Anatomy and Embryology

, Volume 178, Issue 3, pp 253–257 | Cite as

The effect of temperature on myogenesis in embryonic development of the Atlantic salmon (Salmo salar L.)

  • N. C. Stickland
  • R. N. White
  • P. E. Mescall
  • A. R. Crook
  • J. E. Thorpe
Article

Summary

From fertilisation to hatching one group of salmon embryos was reared at ambient temperatures (fluctuating around 1.6° C) and another at 10° C. At Gorodilov stages 28, 30 and 33 transverse sections of whole embryos were obtained for light and electron microscopy. Total cross-sectional areas, fibre numbers, fibre diameters and myofibrillar areas of the white muscle of m. lateralis were measured. At hatching (stage 33, which occurred much earlier at the higher temperature), the higher temperature embryos had significantly larger (P< 0.01) but fewer (P< 0.05) muscle fibres. These larger fibres contained significantly more myofibrillar material (P< 0.05) than the smaller fibres of the lower temperature embryos. Lesser differences were found at pre-hatching stages. Higher temperatures caused myofibre hypertrophy to increase at a greater rate than hyperplasia. Hence, the cellularity of the tissue produced under the different temperature regimes was quite different.

Key words

Salmon Myogenesis Temperature 

Preview

Unable to display preview. Download preview PDF.

Unable to display preview. Download preview PDF.

References

  1. Balon EK (1980) Charrs: Salmonid fish of the genus Salvelinus. Junk Publishers, The HagueGoogle Scholar
  2. Fluchter H, Rosenthal P (1965) Beobachtungen über das Vorkomen und Leichen des blauen Wittlings (Micromesistius poutassou Risso) in der deutschen Bucht. Helgol Wiss Meeresunders 12:149–155Google Scholar
  3. Gorodilov Yu N (1983) Stadii embryonalnogo razvitiya atlanticheskogo lososya Salmo salar L. II. Opisaniye i khronologia. Sb Nauchn Tr GosNIORKh 200:107–126 Transl Thorpe JE, Scott Fish Res Transl 19:1–34Google Scholar
  4. Hayes FR, Pelluet D, Gorham E (1953) Some effects of temperature on the embryonic development of the salmon (Salmo salar). Can J Zool 31:42–51Google Scholar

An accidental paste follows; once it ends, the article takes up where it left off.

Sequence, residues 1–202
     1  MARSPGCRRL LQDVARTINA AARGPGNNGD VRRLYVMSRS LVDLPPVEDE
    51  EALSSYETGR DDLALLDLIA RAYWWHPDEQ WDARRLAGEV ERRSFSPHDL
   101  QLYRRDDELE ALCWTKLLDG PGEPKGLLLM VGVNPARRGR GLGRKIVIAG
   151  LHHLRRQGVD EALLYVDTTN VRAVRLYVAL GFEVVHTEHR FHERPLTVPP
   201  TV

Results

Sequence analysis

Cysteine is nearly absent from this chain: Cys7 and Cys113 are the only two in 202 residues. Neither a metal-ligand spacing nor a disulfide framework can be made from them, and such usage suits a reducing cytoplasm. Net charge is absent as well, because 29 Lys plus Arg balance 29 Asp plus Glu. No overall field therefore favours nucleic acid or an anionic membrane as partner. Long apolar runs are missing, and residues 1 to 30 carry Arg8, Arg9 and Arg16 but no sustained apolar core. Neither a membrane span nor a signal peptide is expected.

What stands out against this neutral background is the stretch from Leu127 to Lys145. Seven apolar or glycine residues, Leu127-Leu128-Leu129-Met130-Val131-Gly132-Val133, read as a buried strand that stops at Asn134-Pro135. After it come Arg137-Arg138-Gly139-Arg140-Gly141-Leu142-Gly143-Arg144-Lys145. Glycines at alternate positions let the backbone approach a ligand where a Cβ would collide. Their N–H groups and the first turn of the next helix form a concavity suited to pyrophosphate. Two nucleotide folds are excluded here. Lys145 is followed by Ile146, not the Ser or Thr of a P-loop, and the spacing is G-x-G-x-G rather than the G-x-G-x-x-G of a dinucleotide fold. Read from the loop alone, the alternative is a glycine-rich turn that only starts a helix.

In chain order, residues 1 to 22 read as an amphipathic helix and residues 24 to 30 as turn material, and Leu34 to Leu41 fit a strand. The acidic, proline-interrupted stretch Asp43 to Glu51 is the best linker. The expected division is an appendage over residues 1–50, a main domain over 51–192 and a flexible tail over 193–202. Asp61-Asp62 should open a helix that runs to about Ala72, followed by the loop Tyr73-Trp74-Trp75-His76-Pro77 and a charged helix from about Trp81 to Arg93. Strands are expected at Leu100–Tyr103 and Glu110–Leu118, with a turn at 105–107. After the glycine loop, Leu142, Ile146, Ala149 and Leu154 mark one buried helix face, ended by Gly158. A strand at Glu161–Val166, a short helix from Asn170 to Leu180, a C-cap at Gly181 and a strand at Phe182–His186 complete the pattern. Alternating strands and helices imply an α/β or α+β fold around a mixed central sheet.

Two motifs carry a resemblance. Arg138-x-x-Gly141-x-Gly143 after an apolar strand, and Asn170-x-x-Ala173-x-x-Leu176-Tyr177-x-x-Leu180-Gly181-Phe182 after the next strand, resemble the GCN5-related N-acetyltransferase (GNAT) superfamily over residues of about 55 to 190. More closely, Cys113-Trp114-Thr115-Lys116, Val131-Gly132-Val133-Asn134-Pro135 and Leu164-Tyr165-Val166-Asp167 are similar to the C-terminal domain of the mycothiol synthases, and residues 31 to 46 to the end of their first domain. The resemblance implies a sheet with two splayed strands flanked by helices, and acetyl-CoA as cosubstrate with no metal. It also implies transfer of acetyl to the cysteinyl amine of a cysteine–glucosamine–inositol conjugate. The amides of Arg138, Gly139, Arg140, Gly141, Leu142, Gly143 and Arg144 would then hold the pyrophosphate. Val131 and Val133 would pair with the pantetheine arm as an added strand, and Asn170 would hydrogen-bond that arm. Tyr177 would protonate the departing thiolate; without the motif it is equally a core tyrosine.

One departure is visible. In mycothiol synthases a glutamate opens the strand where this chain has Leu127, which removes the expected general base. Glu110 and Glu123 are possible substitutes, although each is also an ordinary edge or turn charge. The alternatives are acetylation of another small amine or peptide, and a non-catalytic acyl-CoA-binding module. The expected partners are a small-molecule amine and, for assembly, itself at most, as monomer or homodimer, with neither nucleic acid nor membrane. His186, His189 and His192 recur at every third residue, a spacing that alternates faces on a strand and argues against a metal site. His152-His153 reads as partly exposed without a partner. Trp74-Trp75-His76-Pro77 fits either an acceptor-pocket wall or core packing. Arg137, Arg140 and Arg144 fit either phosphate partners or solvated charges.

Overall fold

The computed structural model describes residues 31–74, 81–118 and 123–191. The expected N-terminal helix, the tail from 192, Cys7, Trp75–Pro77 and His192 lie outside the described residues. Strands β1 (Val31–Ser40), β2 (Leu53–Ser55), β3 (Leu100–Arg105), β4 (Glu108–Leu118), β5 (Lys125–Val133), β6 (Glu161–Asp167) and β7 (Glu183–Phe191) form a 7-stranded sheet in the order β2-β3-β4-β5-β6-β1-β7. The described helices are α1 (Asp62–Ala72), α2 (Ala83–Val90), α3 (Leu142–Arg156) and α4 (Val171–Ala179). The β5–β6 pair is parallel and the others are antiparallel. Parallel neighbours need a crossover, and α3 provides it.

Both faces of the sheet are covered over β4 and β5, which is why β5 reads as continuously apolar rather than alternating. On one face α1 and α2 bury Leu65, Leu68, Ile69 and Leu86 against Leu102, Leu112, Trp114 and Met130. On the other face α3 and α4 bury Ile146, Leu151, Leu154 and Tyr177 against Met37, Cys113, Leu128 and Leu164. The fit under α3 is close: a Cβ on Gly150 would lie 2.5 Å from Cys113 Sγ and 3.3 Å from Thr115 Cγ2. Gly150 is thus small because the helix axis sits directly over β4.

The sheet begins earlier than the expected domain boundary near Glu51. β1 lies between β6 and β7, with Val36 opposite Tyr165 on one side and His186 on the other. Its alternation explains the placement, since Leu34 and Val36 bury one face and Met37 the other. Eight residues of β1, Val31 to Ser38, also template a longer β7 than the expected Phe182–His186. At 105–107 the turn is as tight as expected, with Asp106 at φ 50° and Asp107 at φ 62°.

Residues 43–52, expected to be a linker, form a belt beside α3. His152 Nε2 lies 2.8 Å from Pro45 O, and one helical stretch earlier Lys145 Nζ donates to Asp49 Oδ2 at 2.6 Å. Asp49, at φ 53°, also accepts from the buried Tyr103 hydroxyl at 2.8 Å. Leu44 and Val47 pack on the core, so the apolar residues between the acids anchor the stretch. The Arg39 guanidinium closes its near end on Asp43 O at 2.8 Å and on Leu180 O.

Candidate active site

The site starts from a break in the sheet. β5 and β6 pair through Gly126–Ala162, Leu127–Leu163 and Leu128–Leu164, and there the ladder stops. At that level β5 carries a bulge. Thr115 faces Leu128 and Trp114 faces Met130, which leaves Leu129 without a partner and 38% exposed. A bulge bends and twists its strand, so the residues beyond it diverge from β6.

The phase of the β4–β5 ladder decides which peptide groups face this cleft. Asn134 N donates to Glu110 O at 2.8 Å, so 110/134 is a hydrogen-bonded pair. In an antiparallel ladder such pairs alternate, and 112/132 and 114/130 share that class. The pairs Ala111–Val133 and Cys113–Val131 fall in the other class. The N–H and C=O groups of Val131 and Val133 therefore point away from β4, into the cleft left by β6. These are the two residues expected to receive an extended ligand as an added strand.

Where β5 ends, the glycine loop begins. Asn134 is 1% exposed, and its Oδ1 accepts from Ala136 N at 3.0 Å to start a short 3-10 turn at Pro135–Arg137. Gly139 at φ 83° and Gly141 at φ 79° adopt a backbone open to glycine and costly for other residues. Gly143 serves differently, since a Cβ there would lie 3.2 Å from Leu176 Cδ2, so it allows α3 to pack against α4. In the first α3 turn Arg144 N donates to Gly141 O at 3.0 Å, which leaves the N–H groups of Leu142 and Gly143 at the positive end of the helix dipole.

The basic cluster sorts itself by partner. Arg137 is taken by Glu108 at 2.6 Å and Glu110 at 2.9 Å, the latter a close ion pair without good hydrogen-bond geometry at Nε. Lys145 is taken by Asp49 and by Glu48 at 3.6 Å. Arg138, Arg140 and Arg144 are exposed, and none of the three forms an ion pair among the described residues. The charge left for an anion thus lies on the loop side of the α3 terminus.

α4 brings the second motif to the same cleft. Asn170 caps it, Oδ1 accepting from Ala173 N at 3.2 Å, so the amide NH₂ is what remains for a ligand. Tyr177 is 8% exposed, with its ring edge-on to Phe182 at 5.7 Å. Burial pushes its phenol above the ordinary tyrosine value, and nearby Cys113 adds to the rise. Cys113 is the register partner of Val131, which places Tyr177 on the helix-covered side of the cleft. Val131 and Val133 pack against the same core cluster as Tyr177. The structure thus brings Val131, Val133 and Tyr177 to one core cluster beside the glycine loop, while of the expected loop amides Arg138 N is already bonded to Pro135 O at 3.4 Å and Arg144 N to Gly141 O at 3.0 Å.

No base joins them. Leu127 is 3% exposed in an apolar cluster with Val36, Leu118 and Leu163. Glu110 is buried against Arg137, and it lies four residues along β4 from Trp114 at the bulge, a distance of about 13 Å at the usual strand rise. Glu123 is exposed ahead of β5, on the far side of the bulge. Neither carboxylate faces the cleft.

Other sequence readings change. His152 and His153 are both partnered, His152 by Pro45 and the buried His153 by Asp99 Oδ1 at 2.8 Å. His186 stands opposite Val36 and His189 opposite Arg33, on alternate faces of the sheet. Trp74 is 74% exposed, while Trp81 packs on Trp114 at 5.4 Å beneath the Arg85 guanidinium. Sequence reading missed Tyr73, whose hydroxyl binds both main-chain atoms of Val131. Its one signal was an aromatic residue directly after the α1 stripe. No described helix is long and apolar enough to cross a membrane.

5. Higgins PJ (1985) Metabolic differences between Atlantic salmon (Salmo salar) parr and smolts. Aquaculture 45:33–53Google Scholar
  6. Krogh A (1914) On the influence of the temperature on the rate of embryonic development. Allg Physiol 16:163–177Google Scholar
  7. Kinne O, Kinne EM (1962) Rates of development in embryos of a cyprinodont fish exposed to different temperature-salinity-oxygen combinations. Can J Zool 40:231–253Google Scholar
  8. Stickland NC (1981) Muscle development in the human fetus as exemplified by m. sartorius: a quantitative study. J Anat 132:557–579Google Scholar
  9. Stickland NC (1983) Growth and development of muscle fibres in the rainbow trout (Salmo gairnneri). J Anat 137:323–333Google Scholar
  10. Villarreal CA (1983) The role of light and endocrine factors in the development of bimodality of growth in the juvenile Atlantic salmon (Salmo salar L.). PhD Thesis, University of Stirling, p 381Google Scholar
  11. Waterman RE (1969) Development of the lateral musculature in the teleost, Brachydanio rerio: a fine structural study. Am J Anat 125:457–492Google Scholar
  12. Weatherley AH, Gill HS (1987) The biology of fish growth. Academic Press, London, p 443Google Scholar
  13. Weatherley AH, Gill HS, Rogers SC (1979) Growth dynamics of muscle fibres, dry weight and condition in relation to somatic growth rate in yearling rainbow trout (Salmo gaidneri). Can J Zool 57:2385–2392Google Scholar
  14. Weatherley AH, Gill HS, Rogers SC (1980) Growth dynamics of mosaic muscle fibres in fingerling rainbow trout (Salmo gairdneri) in relation to somatic growth rate. Can J Zool 58:1535–1541Google Scholar
  15. Wigmore PMC, Stickland NC (1983) Muscle development in large and small pig fetuses. J Anat 137:235–245Google Scholar

Copyright information

© Springer-Verlag 1988

Authors and Affiliations

  • N. C. Stickland
    • 1
  • R. N. White
    • 1
  • P. E. Mescall
    • 1
  • A. R. Crook
    • 1
  • J. E. Thorpe
    • 2
  1. 1.Department of AnatomyThe Royal Veterinary CollegeLondonUnited Kingdom
  2. 2.Freshwater Fisheries LaboratoryPitlochryUnited Kingdom

Personalised recommendations